The Citizens' Redistricting Commission Releases Its First Draft

On June 10th the Citizens Redistricting Commission released its first draft of its proposed boundaries.  This was done well ahead of the required deadline in order to allow for an additional round of public comment and public hearings prior to the official draft, final public comments, and final map.  The fact that the word ‘public’ is being used at all in this description shows how different this redistricting process is compared to how redistricting  (i) was done in prior decades, and (ii) is being handled in most of the rest of the country.

Along with many thousands of other Californians, I applied to be on this commission.  What can I say.  The project involves computers, statistics, geography, and an impossibly complex multidimensional problem.  In other words ‘fun’.

In you don’t believe the ‘impossibly complex’ part of that statement, here is the list of the criteria that the commission had to meet, starting from the most important to the least:

  1. Must contain equal population (10 percent variance is considered maximum).  federal law
  2. Must not fractionalize or otherwise diminish the voting power of significant minority groups and Should create some ‘Majority Minority’ districts for said groups. federal law
  3. Must not consider the location of the homes of current or likely candidates.
  4. Must not consider party registrations or prior voting history.
  5. Cannot have any part be disconnected from the rest.  The only exception being real-life islands. State Law
  6. Should not to the extent possible split cities and counties. State Law.
  7. Should to the extent possible keep together other ‘communities of interest’  which essentially means any distinct geographic area that the citizens identify.
  8. Should be compact, meaning that it should not bypass a population group to get to another.  State Law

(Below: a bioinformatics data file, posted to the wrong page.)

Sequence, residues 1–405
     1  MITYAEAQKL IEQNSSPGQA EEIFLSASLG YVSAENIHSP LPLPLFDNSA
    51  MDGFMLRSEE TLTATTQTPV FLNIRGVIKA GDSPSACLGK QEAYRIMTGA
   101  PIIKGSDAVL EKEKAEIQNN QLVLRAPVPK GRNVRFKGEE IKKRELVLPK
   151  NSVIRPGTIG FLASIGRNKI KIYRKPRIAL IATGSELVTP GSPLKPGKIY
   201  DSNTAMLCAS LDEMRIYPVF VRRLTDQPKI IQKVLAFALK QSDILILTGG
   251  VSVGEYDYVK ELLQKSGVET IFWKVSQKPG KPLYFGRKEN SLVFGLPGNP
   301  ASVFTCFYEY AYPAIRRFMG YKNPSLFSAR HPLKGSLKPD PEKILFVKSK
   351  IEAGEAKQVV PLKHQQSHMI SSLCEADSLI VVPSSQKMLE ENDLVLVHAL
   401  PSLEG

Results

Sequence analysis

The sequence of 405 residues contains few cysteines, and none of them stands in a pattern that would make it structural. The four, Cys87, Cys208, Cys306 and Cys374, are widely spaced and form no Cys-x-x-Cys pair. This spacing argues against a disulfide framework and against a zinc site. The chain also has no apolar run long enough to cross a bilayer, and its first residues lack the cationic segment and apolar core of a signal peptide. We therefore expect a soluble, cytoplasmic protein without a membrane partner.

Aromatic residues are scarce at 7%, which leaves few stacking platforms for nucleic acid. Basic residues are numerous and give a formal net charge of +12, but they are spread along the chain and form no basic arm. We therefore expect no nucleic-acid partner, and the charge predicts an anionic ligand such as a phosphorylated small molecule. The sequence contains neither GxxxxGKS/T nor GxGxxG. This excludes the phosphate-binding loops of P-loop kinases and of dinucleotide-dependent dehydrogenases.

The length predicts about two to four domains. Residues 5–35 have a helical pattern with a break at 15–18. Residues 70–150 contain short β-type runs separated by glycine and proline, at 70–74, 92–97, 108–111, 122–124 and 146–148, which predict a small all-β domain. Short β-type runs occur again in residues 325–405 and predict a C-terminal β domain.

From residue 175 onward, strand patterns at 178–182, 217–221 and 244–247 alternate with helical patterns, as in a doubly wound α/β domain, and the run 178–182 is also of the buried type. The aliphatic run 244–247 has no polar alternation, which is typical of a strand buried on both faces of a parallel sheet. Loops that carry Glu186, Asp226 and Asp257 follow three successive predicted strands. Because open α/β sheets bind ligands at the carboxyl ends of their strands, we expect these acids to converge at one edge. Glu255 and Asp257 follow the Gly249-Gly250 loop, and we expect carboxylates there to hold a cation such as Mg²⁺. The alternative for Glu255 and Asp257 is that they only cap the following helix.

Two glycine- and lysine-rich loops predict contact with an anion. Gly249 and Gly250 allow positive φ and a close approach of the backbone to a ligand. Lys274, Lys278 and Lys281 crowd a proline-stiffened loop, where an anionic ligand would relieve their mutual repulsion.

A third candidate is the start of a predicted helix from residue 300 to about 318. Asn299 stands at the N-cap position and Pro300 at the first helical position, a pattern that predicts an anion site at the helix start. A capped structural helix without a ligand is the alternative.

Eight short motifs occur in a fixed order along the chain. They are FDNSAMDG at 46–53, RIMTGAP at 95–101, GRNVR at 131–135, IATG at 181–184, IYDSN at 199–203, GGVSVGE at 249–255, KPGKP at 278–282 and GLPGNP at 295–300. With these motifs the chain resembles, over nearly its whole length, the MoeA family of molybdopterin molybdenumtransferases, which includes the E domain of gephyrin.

If that wasn’t crazy enough, very powerful and vocal interests are going to be looking intently at the very things that they aren’t allowed to consider (items 3 and 4 above).  And, the real reason why the voters created this commission isn’t even on the list! And that is to shake up the safe seats and have at least a few competitive districts.

How well have they done so far?  Looking at the maps, the districts look far more compact and sensible than the safe seats the legislature drew up a decade ago.  At first, some may  seem a bit weird shaped, but when you look more closely, most make a lot of sense.  A collection of coastal communities will look a bit snakelike.  Cities along the foothills of a mountain range or along a transportation corridor will be elongated.  Separating a city core from the suburban/rural area around it will make the latter look like a donut.

But will they shake up California politics?  Dan Schnur, director of the Jesse M. Unruh Institute of Politics at USC and a former GOP political operative. was quoted in the LA Times saying “This is musical chairs with switchblades.”  Within minutes of the announcement, consultants around the state and the nation performed the analysis that the Commission itself was prevented from doing.  The following numbers come from Redistricting Partners.


Vacant 13
One Incumbent in District 27
Two Incumbents in District 12
Three Incumbents in District 1
Democratic 32
Leans Democratic 5
Leans Republican 3
Republican 13
California’s current House delegation is 19 Republicans and 33 Democrats.

California Assembly

Vacant 15
One Incumbent in District 55
Two Incumbents in District 6
Three Incumbents in District 3
Four Incumbents in District 1
Democratic 49
Leans Democratic 2
Swing 3
Leans Republican 3
Republican 23

Currently the Assembly is 52 Democrats and 28 Republicans.

California Senate


Vacant 7
One Incumbent in District 27
Two Incumbents in District 6
Democratic 22
Leans Democratic 4
Swing 3
Leans Republican 0
Republican 11

Currently the Senate is 25 Democrats and 15 Republicans.

The bottom line is that the Democrats appear to be the winners when compared to the status quo. 

The next round of public comment will certainly be energetic. It will also likely include many efforts to influence the commission with partisan agendas.  It will be difficult to separate the genuine from the astroturf.

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